Lost in the Movies (formerly The Dancing Image)

Saturday, December 8, 2018

Patreon update #49: The Social Network (+ the Angela Nagle immigration controversy, LeftTube, Fire Walk With Me as Twin Peaks episode, the RR counter/the ring in season 3, Disney's aesthetics/ideology, the Hollywood War and Peace & more)


The Social Network - which I've been planning to make a film in focus since June - is a movie I've covered a couple times before, first in a review/discussion disguised as a Facebook page and later as a visual tribute alternating between the film's images of paper and plastic as methods of communication. This time I take a more straightforward approach and reflect on the film's triple status: as a document of the early 2000s when Facebook was born, as a reflection of the turn-of-the-decade when the film was released, and as an artifact explored in today's context when Facebook and Mark Zuckerberg have become deeply entangled in our political and cultural landscape.

Speaking of politics and culture, I've been waiting a couple weeks until I could devote an entire "other topics" section to the backlash against Angela Nagle, author of the popular but controversial Kill All Normies, who recently wrote an essay attacking the left's position on open borders. I think both her approach and the reaction to her speak of a growing rift on the left, a phenomenon I've already begun to explore on previous episodes. I've had a lot to say about this on Twitter and hopefully here I'm able to hopefully organize various responses into a cohesive analysis of what's going on, with Nagle and with the left and the issue of immigration more broadly.

This podcast also concludes the exploration of my "4 Ways to Watch Fire Walk With Me" study by examining that film in relation to a dozen Twin Peaks episodes, continues a conversation with listeners about Sherilyn Fenn's and Audrey Horne's on/offscreen stories in The Return, and follows up my two-part review of the Soviet War and Peace by dipping into the archive for my review of the Hollywood adaptation, directed by King Vidor and starring Audrey Hepburn, Mel Ferrer, and Henry Fonda.




Line-up for Episode 48

INTRO

WEEKLY UPDATE/recent posts: added Christmas highlight to the sidebar

WEEKLY UPDATE/work in progress: Twin Peaks blu-ray features & John Thorne interview for podcasts

TWIN PEAKS REFLECTIONS: Fire Walk With Me as Twin Peaks episode

FILM IN FOCUS: The Social Network

OTHER TOPICS: Controversy over Angela Nagle's "The Left Case Against Open Borders", podcast recommendation

LISTENER FEEDBACK: LeftTube recommendations, the RR counter scene, Leland/Bob, Teresa's ring, the Pink Room & the Red Room, Twin Peaks truckers, the aesthetics & ideology of Disney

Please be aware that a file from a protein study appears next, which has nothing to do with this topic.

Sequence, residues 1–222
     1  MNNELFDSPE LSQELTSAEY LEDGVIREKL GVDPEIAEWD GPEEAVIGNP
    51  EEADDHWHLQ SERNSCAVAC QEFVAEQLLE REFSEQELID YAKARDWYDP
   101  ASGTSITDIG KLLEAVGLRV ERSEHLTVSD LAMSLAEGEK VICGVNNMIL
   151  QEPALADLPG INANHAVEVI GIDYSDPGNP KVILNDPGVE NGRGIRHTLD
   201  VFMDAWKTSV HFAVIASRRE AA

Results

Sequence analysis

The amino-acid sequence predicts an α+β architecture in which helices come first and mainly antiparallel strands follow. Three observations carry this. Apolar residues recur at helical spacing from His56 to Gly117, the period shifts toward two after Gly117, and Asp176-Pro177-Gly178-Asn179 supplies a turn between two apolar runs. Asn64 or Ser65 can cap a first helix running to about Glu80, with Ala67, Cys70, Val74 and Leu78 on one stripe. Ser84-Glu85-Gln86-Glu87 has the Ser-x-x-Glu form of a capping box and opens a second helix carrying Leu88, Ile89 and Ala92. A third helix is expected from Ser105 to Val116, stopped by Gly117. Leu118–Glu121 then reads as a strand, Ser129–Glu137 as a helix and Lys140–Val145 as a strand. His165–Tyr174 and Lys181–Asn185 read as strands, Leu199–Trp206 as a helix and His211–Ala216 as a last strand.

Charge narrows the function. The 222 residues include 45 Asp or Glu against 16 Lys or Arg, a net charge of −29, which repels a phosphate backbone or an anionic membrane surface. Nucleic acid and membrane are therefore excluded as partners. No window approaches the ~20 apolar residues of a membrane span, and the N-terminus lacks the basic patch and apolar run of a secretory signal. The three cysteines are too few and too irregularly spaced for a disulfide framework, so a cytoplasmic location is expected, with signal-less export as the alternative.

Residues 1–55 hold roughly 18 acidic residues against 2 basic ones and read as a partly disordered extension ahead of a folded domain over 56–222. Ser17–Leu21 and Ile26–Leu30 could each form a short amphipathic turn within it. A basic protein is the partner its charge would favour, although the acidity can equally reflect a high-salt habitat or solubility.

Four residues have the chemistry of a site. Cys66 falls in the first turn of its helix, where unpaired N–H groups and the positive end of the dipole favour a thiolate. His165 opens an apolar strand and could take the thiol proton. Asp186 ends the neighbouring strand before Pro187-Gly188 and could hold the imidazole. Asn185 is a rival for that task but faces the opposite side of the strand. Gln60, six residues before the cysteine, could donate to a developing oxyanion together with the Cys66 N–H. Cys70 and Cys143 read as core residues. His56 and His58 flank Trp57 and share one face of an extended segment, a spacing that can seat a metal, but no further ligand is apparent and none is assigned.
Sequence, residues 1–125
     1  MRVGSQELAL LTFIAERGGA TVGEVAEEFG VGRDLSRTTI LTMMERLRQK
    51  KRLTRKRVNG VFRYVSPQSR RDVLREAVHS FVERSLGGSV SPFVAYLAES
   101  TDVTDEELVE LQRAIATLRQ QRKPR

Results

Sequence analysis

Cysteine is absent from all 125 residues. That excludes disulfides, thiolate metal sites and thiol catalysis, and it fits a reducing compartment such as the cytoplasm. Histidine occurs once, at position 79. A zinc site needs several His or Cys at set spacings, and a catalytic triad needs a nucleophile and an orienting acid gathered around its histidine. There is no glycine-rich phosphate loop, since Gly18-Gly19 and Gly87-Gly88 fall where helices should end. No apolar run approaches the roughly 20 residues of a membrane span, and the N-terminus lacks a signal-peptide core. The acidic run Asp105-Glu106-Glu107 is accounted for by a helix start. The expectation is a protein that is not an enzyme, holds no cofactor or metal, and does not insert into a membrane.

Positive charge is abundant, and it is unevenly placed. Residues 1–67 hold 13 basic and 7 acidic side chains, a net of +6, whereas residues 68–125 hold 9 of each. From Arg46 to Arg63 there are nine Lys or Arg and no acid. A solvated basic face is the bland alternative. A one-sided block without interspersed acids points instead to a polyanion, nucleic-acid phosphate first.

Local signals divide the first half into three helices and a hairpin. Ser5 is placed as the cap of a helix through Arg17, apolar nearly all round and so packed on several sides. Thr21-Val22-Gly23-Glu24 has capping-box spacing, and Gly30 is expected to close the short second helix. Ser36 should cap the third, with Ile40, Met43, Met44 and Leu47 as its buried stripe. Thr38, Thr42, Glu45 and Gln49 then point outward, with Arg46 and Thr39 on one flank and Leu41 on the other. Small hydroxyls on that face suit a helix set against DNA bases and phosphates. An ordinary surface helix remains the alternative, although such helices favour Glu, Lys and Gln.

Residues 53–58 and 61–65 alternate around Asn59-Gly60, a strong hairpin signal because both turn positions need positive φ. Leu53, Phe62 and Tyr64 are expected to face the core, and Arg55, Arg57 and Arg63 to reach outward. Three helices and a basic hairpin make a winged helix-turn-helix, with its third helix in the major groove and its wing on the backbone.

OPENING THE ARCHIVE: War and Peace

OUTRO

Friday, November 30, 2018

Patreon update #48: Training Day (+ Fire Walk With Me as Lynch project, the Soviet War and Peace - 1812 & Pierre, Jonathan, CNN's The 2000s, Twin Peaks fan theories, Ocasio-Cortez clapbacks, Bernie 2020? & more) and preview of Lady Bird review


Just in time for November, my monthly Ethan Hawke series continues with Training Day - a film mostly celebrated for Denzel Washington's iconic performance as a corrupt LAPD cop but also including an Oscar-nominated turn by Hawke as the rookie protagonist. My "Twin Peaks Reflections" attention to the recent Fire Walk With Me essay resumes; I analyze the Twin Peaks movie as a David Lynch project. I also conclude the reading of my War and Peace essay for "Opening the Archive." There are two long sections this week, as I delve into political subjects I discussed on Twitter in "Other Topics" and share extensive listener feedback for my last couple episodes. At the outset of the episode I lay out more specific plans for 2019, as some tiers will shift and a new Twin Peaks project will launch; meanwhile, for my biweekly preview I share parts of an upcoming review of Greta Gerwig's Lady Bird.





Line-up for Episode 47

INTRO

ANNOUNCEMENT - 2019 Plans for 1st/2nd tier restructure & Twin Peaks rewatch

WEEKLY UPDATE/Patreon: 2nd tier biweekly preview - Lady Bird

WEEKLY UPDATE/work in progress: Cinepoem, Mad Men viewing diary, Mary Shelly review

TWIN PEAKS REFLECTIONS: Fire Walk With Me as Lynch project

FILM IN FOCUS: Training Day

OTHER TOPICS: Jonathan, Ollie Klublershturf vs. the Nazis, random TV viewings, CNN's 2000s documentary - I Want My MP3/The iDecade/The Financial Crisis, CGI Lion King, CBS sports montage, John Carpenter's special effects, Dr. Amp's early musical, The Magnificent Ambersons on Criterion, Evangelion on Netflix, Nicolas Roeg & Bernardo Bertolucci died, ridiculous Dear Prudence letter, Alexandria Ocasio-Cortez clapbacks, Stephen Hawking vs. Joe Lieberman at 2000 Democratic convention, "Thomas Jefferson" disses Ocasio-Cortez, donut Twitter celebrates the new Democratic Caucus chair, Bernie Sanders' "not racist" statement, should Sanders run in 2020?, Eric Erickson celebrates Augusto Pinochet, podcast recommendations

LISTENER FEEDBACK: my disclaimer about how I'll respond, Michael & Us covers Donnie Darko, Judy as repetition, different versions of the Palmer house, One Eyed Jack's & spirit world, Teresa & the dirt mound, Cooper leading Carrie to her death?, Laura & the ring, Lynch vs. Frost on Judy, do theories overlook flaws?

OPENING THE ARCHIVE: War and Peace (Soviet adaptation) 

OUTRO

Tuesday, November 20, 2018